In it, but not of it. TPM DC
Jindal appears to be one of the few advancing this rhetoric, which he published earlier in another op-ed for Politico magazine titled "Obamacare Is Anything But Compassionate." The conservative Heritage Foundation also laid out the same argument in a critique of the law last November.
The theory starts with the fact that Obamacare offers enhanced federal funding, 100 percent for the first three years and never less than 90 percent after that, for states to expand Medicaid eligibility to 138 percent of the federal poverty level. The expansion will generally cover childless adults, many of whom weren't previously eligible for the program. It is one of the two pillars, along with subsidized private coverage, through which the law covers the uninsured.
Jindal argues that because the law provides such generous funding, more generous than the traditional Medicaid program, to cover childless adults, it "prioritizes" that population over the disabled, many of whom are enrolled in the traditional Medicaid program. He notes in the Politico piece that, according to the non-profit, non-partisan Kaiser Family Foundation, more than half a million seniors and disabled are on state Medicaid waiting lists for home and community-based services. He writes that Obamacare would "jeopardize the care of our most vulnerable citizens" by "devot(ing) resources to covering thousands of childless adults through Medicaid, while leaving individuals with disabilities out in the cold."
But there are a few huge problems with Jindal's rationale, which effectively undermine the whole line of attack. First, some disabled people could actually qualify for health coverage under the Medicaid expansion, according to MaryBeth Musumeci, associate director of the Kaiser Commission on Medicaid and the Uninsured.
"People with disabilities can be within the new expansion group," she said. "The ACA provides the opportunity for some people with disabilities to qualify for Medicaid who never qualified before. Their incomes, while still low, could have been above the very, very low limits states had set or they may not have been eligible at all if they fell into the category of single, childless adults. So it creates an expanded opportunity for people with disabilities to gain coverage."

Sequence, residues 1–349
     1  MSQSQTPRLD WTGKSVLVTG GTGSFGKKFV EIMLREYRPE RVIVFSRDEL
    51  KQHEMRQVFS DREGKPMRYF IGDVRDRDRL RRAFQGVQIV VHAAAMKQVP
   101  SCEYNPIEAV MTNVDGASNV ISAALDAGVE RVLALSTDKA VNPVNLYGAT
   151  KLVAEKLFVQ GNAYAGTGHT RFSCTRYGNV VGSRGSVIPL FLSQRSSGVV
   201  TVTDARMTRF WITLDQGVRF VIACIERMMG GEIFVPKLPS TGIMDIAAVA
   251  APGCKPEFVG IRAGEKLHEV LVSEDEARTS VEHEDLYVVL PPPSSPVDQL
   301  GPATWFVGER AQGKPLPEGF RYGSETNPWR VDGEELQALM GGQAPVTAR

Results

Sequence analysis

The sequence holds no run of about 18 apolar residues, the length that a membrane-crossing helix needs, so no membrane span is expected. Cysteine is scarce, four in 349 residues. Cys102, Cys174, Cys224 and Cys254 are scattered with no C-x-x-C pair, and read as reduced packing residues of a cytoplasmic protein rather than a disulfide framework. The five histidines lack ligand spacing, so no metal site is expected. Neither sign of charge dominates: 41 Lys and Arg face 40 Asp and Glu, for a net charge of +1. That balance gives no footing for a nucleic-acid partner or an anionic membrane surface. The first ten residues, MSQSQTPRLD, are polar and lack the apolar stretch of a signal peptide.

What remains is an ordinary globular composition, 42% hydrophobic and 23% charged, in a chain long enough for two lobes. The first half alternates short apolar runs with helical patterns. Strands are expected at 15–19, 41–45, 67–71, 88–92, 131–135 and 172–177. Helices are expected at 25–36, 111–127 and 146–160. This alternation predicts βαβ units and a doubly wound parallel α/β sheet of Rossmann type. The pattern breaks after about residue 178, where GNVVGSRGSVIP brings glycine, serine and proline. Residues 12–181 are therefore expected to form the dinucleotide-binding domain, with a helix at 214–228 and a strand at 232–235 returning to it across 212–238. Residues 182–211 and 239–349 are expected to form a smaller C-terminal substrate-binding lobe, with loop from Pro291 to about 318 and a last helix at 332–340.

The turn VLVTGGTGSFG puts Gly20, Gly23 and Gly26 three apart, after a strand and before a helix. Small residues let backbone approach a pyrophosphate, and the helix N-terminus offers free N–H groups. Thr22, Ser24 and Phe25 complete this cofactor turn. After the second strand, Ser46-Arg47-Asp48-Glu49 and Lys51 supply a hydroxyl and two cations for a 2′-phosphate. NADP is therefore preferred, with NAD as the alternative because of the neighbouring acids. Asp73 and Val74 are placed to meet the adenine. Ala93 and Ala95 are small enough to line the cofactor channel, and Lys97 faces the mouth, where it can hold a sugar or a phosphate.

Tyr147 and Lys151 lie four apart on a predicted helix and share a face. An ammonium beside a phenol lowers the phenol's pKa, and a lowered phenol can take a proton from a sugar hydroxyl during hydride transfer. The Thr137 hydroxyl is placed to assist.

Second, Obamacare should have no policy bearing on the traditional Medicaid program. Federal funding for the traditionally eligible population remains exactly the same, and the states retain the same flexibility to manage their programs as existed prior to the law. The ACA brings a new population into the program, but there is no policy reason that it would lead to "discrimination" -- as Jindal calls it -- or any other detrimental effects for disabled people enrolled in the traditional program.
"I think that's right," Musumeci said when asked by TPM if the Obamacare's Medicaid expansion should have no effect on traditional Medicaid. "What the Medicaid expansion essentially does is it creates a new eligibility category. Like any other time Congress has expanded eligibility of the program, it is adding statutory authority to cover this new group of people."
"But it's built into the same underlying Medicaid program. States still have all of the flexibility that they previously had in terms of how they structure their care delivery system, their benefits packages, and all of those things."
Third, and perhaps most devastatingly to Jindal's theory, Obamacare actually expands programs and funding for so-called "long-term services and supports" under Medicaid -- the kind of long-term care that the disabled would utilize. What's most puzzling is Jindal should know this because, according to Kaiser's tracking, his state has participated in three of the demonstrations authorized by the law.
One of those, Money Follows The Person, provides 12 months of enhanced federal funding to help people to move out of institutions into community-based care. Obamacare upped the funding and expanded the program's eligibility, according to Kaiser. Likewise, the Balancing Incentive program encourages states through enhanced funding to adopt reforms that expand access to community-based care as an alternative to institutional care. Obamacare also expands the home and community-based services plan option available to states, making more people eligible and covering more services.
None of this should be news to Jindal. Louisiana has signed onto each of those programs at some point. A proposed budget for the state's Balancing Incentive program included $82.2 million in enhanced federal funding. A report on Money Follows The Person found that Louisiana had achieved the largest decrease in its rate of reinstitutionalization under the program.
Separately, but also of note, the American Association of People with Disabilities published an explainer on health care reform's impact on the disabled, including a section on Medicaid. It does not mention of any of the potential negative effects forwarded by Jindal.
TPM contacted Jindal's office Tuesday with questions based on the above reporting. His office said that the op-ed stands for itself and declined to comment further.